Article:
Alliance, and claimed that Kohler wanted to be a czar.

Pinkie's status with the NWA in 1959 was light-years away from what it had been in 1948, when
he was looked upon as the man who organized the Alliance.  While he might have been
considered a superlative promoter, he ran a small territory (made less money, had no
influence over TV...etc.), which diminished his position in the ever-growing Alliance.  Promoters
in Chicago, Los Angeles, Boston, and New York were given much more recognition, maybe
even more respect than George in Iowa, and George noted that in an undated letter to
Muchnick found in the National Archive, explaining that he was passed over to be a chairman
of an Alliance committee for "men with territorial power."

Pinkie wrote:  "Although I was good enough to be president of the NWA for two years, I was not
good enough to head a committee." He added that he wasn't mad about it, but that he's gotten
"over the fact that you as picker of the committees judged my ability as very low indeed that I
was not capable enough to head one of the important committees."

George indicated that he didn't want to be a member of any committee and that he wouldn't
"take any further working part in the NWA.  I will only take the social end and be mad at no one
but have fun and enjoy the fellowship of a grand bunch of guys."

Things got worse rather than better.

In April 1959, in a letter to Jack Pfefer, Pinkie explained that he was going to file a legal suit
against the NWA, and a notice would be delivered wherever the the convention was held later
in the year.  He explained that "Sam [Muchnick] and his partners not only have put me out of
business, but now they are phone treats (sic) and further squeeze is put on me to shut me
up."  George said he wasn't going to hold back the truth.

The bottom line is that professional Wrestling in Des Moines was crumbling.  The once
successful promotion George operated was highly diminished, and he found himself at odds
with a powerfully aligned outfit out of St. Joseph and Kansas City that was gaining ground...and
territory at a rapid pace.  This clique consisted of Gust Karras, George Simpson, Bob Geigel,
Pat O'Connor, Bobby Bruns, and Sonny Myers, the man at the heart of a lengthy court battle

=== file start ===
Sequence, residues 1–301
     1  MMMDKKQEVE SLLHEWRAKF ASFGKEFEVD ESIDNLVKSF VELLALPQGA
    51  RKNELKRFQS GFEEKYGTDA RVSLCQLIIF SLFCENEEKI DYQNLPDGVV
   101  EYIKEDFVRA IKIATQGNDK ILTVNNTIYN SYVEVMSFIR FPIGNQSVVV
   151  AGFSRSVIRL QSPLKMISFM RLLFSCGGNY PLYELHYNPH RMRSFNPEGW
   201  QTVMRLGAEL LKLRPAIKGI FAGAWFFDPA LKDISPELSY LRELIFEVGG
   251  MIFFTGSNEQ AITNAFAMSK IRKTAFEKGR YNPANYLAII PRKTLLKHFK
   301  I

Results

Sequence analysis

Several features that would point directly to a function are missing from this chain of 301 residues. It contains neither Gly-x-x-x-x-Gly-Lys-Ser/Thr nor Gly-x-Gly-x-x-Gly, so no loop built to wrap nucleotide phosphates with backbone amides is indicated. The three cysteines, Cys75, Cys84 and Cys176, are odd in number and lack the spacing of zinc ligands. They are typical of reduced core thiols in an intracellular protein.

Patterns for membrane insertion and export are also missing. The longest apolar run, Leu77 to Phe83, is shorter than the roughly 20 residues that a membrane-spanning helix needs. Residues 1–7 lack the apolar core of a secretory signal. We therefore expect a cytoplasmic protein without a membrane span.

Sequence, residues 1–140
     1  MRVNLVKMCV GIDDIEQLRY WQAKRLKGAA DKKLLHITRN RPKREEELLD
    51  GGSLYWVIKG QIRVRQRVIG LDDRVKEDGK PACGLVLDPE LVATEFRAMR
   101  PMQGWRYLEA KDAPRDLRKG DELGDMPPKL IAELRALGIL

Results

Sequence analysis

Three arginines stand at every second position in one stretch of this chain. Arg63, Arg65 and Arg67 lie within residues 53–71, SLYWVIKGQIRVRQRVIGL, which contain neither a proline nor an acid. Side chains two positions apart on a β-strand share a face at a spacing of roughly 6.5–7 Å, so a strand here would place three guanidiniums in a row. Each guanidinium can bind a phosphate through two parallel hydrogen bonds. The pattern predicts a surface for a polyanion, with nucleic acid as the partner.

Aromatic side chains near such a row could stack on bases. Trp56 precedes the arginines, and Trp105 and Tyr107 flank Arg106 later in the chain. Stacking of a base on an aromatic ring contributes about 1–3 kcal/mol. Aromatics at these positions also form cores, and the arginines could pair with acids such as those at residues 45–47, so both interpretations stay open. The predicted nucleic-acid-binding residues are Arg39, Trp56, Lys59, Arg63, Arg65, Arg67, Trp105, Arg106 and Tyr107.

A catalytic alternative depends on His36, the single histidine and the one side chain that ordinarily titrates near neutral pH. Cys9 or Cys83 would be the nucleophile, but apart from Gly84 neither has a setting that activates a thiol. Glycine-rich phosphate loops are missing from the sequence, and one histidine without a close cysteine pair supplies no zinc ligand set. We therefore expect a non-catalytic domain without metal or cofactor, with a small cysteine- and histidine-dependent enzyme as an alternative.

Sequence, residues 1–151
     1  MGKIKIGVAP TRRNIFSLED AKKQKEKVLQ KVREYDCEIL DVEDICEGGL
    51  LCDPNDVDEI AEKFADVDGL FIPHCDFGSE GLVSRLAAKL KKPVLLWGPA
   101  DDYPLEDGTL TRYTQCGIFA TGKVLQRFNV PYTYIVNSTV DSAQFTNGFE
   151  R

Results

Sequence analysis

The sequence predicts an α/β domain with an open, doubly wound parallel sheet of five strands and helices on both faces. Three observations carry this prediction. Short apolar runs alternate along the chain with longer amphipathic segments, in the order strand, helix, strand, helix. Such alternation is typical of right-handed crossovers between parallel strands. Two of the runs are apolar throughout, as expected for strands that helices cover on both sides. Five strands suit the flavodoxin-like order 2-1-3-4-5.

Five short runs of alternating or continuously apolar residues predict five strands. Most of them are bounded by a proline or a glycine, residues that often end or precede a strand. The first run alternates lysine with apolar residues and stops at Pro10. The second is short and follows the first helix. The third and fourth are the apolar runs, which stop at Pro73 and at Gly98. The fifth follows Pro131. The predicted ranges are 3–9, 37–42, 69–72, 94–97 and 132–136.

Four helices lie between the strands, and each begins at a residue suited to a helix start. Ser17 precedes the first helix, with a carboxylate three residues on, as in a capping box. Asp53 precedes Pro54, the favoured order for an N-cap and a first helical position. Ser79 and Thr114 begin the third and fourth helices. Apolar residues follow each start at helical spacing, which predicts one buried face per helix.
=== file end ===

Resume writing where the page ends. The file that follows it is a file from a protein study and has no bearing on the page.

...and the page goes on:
against Pinkie and the NWA.  In 1959, George left Iowa entirely for an opportunity in San
Antonio, Texas, allied with the Morris Sigel group against the established promoters Frank
Brown and Dorothy Livengood.  From the looks of things, it was possible to be actively suing
the Alliance, yet still on good terms with some NWA members, as demonstrated by the Myers
situation.  Myers, and his friends, were also heavily connected to Muchnick in St. Louis.

The personal animosity between George and Myers, and many of those names listed in the
previous paragraph toward Pinkie (the founder of the NWA) was very large.  The location of
Iowa to Kansas City and St. Joseph made it abundantly clear to the Karras group that it should
be part of their territory.  It was a territory full of opportunity, and they wanted to seize it.  With
George out of Des Moines, embroiled in another war elsewhere, the Karras group moved in.

On February 29, 1960, Muchnick sent a letter to Robert A. Bicks, the Acting Assistant Attorney
General of the Antitrust Division, Department of Justice, and mentioned the situation involving
Pinkie George.  Among the pointed remarks are the following:

Sonny Myers "told many members of the NWA, both privately and publicaly, tha the had
nothing against the Alliance but he did against Pinkie George." This was regarding the lengthy
court case battle in Iowa in which Myers sued George and the NWA.  Muchnick seems to
indicate here that it wasn't so much against the NWA, and more against George.

Muchnick also told Bicks:  "One of the things [Myers] alleged during the trial, a little over a year
ago, was that George told him he "owned" the State of Iowa, and that no one else should
promote in there."

On March 10, 1960, Bicks answered Muchnick, responding to the report that Bobby Bruns
recently booked a show in Des Moines, which was "formerly the 'territory' of Mr. George, while
Mr. George is now booking shows in San Antonio, Texas, formerly the 'territory' of Mr. Brown,
may well indicate a weakening of the territorial divisions provided for in the Association's
By-Laws."  Bicks added:  "The destruction of such territorial divisions is, as you have
observed, one of the prime aims of the Judgment."

Research by Tim Hornbaker
Des Moines Booking Office